JYOTI Street Project
JYOTI means ‘Blaze of Brightness' in Nepalese. The children and young people who benefit from JYOTI are among the most disadvantaged in Nepal – they come from backgrounds of extreme poverty, child labour, commercial and sexual exploitation, and social marginalisation.
The JYOTI Street Project (JSP) is an outreach programme that supports children and teenagers who continue to live and work on the streets. JSP provides services that allow children to drop in freely and receive support, including a night shelter, children’s development bank, non formal education, short term vocational training, counselling, health care and HIV/Aids awareness programmes.
The strength of Jyoti Street Project lies in its approach:
* We reach out to children on the street, offer them choices, and support them to raise their voice and change their situation
* We work with all children regardless of their circumstances, continually adapting to meet their changing needs
* We support children to live happier and safer lives and to invest in their futures
* The project is developed with the children, implemented by trained peer educators (former street children) and managed by an experienced project manager
Please click on the following links to find out more about the project:
* Friendship and respect
* A place to call home
* Protection and Well-Being
* Reaching Out
* Personal Development and Opportunities
* Saving for the future
This project provides a wide range of integrated services to help street and working children to survive and improve their lives. But more importantly than these services, the project provides children and young people with support from peers and adults that they can trust. Peer educators are role models that the children can relate to - people who have been in the same situation, have faced the same problems, and have taken the challenge to move on. These friendships give children confidence, and the motivation to care for themselves and their futures. This is fundamental in supporting them to make the difficult transition from the street when they are ready.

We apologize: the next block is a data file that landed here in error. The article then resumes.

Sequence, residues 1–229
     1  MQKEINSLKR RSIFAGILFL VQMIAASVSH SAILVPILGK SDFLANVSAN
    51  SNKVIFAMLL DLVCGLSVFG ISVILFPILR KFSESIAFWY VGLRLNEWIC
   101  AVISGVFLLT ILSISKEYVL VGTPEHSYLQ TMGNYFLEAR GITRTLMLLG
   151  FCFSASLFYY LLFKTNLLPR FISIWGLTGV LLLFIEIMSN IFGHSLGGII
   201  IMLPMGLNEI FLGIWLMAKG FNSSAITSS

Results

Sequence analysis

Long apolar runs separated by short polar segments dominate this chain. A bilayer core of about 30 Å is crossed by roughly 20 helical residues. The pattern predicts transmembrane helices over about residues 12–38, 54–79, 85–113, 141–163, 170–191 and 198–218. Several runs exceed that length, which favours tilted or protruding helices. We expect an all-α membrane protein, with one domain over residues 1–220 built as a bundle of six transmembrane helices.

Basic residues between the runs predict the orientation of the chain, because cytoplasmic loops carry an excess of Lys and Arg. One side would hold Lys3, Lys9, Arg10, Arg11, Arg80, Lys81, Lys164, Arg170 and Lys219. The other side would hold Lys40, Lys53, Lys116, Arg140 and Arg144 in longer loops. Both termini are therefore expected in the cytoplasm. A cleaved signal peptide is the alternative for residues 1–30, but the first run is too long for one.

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The Bishram contact centre is the hub of many of our services. It offers non-formal education classes and access to counselling, advice and work placements, social facilities, drama and sports, help from peer educators, and health services. It is a place children can call their own, where they are safe, can relax, and most importantly have the right to be a child. It is also a place where they can spend time with peer educators, opening up their feelings, sharing their problems and finding the motivation to build a new future.
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The biggest priority of the project is to ensure children on the street are safe and well, and our night shelter plays a central role to help us do this. It is the only night shelter for street children in the city of Pokhara, and provides essential protection for the time when children are most vulnerable to violence and other dangers on the streets. Between 20 and 50 children use the shelter each night, and they have developed their own rules to follow.
The children also run a ‘kitchen club' at the shelter, where they prepare nutritious meals. These are subsidised but each child has to pay a small amount, depending on their age, to encourage them to support themselves. The projects also provides 24 hour emergency medical and legal support from a social worker, who is always available to address serious illness or injuries and to provide support if children have been arrested or abused.